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Youngest baby boomers held average of 11.3 jobs between ages 18 and 46

The youngest baby boomers, those born from 1957 to 1964,  held 11.3 jobs from age 18 to age 46, according to the U.S. Bureau of Labor Statistics. On average, the baby boomers represented by the survey sample were employed during 78 percent of all the weeks occurring from age 18 to age 46.

WASHINGTON (July 25, 2012) — The average person born in the latter years of the baby boom (1957 to 1964) held 11.3 jobs from age 18 to age 46, the U.S. Bureau of Labor Statistics reported today. Nearly half of these jobs were held from ages 18 to 24.

These findings are from the National Longitudinal Survey of Youth 1979; a survey of 9,964 men and women who were ages 14 to 22 when first interviewed in 1979 and ages 45 to 53 when interviewed most recently in 2010-11. These respondents were born in the years 1957 to 1964, the latter years of the “baby boom” that occurred in the United States from 1946 to 1964. The survey spans more than 3 decades and provides information on work and non-work experiences, education, training, income and assets, health and other characteristics. The information provided by respondents, who were interviewed annually from 1979 to 1994 and biennially since 1994, can be considered representative of all men and women born in the late 1950s and early 1960s and living in the United States when the survey began in 1979.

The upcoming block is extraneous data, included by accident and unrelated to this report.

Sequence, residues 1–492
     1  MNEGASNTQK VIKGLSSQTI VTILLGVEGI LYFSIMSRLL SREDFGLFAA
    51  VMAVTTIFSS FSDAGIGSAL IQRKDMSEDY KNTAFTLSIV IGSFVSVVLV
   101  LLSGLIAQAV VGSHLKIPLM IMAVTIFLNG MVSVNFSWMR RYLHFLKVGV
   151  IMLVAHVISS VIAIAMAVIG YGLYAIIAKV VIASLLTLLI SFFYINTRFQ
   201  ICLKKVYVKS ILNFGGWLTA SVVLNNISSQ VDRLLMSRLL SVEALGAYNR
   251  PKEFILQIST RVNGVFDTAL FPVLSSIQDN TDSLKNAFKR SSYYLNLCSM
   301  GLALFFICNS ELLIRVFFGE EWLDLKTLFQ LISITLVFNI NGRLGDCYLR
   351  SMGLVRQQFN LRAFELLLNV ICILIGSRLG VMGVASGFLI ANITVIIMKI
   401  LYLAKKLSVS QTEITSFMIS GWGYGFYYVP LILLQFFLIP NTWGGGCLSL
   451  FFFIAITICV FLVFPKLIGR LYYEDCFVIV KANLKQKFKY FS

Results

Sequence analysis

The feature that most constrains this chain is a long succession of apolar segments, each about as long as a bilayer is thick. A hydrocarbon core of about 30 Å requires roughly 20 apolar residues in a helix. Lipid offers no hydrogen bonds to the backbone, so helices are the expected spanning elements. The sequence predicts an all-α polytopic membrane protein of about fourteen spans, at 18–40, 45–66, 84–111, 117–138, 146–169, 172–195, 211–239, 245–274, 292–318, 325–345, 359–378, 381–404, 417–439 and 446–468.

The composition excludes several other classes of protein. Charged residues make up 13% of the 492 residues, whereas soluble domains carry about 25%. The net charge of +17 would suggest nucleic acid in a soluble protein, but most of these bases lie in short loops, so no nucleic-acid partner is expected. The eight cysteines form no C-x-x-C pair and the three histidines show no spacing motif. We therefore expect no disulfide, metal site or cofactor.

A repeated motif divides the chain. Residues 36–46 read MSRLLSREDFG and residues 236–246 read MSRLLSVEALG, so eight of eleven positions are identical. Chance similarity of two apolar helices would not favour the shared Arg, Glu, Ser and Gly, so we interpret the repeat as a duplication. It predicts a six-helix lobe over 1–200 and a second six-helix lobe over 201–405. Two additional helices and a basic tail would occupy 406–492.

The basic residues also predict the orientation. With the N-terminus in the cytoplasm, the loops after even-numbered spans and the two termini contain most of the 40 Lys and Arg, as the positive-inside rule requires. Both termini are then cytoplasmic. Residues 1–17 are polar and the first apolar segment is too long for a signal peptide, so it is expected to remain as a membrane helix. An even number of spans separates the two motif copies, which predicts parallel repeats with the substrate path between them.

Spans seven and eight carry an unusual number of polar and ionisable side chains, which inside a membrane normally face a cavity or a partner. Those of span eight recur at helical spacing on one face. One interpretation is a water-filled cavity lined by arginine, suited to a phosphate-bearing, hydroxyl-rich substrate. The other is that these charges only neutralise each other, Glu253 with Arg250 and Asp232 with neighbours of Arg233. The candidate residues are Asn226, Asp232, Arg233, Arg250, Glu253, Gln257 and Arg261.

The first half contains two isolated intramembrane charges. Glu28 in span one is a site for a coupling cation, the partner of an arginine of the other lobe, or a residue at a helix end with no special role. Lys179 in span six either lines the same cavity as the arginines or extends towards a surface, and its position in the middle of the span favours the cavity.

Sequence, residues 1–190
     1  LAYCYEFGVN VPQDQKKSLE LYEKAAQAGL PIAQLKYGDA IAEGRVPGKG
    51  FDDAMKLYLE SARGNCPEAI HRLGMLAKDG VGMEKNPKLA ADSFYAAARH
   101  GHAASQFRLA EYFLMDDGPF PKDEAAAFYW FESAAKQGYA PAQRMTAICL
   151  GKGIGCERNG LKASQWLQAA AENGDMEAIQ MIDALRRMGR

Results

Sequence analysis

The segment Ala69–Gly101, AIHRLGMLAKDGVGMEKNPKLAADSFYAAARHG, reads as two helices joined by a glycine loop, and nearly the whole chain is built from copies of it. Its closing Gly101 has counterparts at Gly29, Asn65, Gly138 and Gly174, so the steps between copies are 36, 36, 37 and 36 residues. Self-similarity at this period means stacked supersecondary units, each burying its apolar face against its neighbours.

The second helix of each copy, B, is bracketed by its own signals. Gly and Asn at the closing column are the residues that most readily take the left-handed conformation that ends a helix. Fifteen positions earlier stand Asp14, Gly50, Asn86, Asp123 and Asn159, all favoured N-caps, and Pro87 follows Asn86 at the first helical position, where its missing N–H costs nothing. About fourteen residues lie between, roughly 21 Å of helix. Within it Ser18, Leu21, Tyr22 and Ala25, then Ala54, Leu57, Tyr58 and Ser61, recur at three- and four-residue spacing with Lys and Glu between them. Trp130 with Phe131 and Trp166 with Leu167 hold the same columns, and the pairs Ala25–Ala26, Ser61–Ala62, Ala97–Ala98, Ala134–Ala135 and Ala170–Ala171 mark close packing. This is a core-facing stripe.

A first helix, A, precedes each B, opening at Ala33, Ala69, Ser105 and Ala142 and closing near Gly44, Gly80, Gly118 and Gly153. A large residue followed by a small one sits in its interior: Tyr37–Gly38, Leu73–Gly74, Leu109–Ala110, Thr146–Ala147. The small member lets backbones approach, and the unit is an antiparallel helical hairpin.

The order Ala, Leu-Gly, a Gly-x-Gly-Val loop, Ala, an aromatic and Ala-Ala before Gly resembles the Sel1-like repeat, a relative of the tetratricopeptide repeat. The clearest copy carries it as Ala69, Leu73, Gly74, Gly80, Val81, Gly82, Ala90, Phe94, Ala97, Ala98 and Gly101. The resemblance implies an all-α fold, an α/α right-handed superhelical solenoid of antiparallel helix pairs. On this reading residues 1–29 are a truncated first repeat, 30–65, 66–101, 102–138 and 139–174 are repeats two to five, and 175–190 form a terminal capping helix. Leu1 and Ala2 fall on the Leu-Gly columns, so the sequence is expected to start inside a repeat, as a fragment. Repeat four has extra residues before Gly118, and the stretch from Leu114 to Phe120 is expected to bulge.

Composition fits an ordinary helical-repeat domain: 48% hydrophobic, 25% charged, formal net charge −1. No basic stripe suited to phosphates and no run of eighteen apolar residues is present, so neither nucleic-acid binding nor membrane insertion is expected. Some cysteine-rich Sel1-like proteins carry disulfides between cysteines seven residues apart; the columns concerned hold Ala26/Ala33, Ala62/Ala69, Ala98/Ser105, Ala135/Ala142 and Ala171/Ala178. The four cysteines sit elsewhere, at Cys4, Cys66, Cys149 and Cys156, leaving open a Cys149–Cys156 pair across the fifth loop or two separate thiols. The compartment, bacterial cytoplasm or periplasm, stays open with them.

This release of the latest data from the longitudinal survey focuses on the number of jobs held, job duration, labor force participation, and earnings growth.

Highlights from the survey include:

— Individuals born from 1957 to 1964 held an average of 11.3 jobs from ages 18 to 46. These baby boomers held an average of 5.5 jobs while ages 18 to 24. The average fell to 3 jobs from ages 25 to 29, to 2.4 jobs from ages 30 to 34, and to 2.1 jobs from ages 35 to 39 and also from ages 40 to 46. Jobs that span more than one age group were counted once in each age group, so the overall average number of jobs held from age 18 to age 46 is less than the sum of the number of jobs across the individual age groups.

— Although job duration tends to be longer the older a worker is when starting the job, these baby boomers continued to have large numbers of short-duration jobs even at middle age. Among jobs started by 40 to 46 year olds, 33 percent ended in less than a year, and 69 percent ended in less than 5 years.

— The average person was employed during 78 percent of the weeks from age 18 to age 46. Generally, men spent a larger percent of weeks employed than did women (84 versus 71 percent). Women spent much more time out of the labor force (25 percent of weeks) than did men (10 percent of weeks).

— The average annual percent growth in inflation-adjusted hourly earnings was fastest when workers were in their late teens and early twenties. Growth rates in earnings generally were higher for college graduates than for workers with less education.

Number of jobs held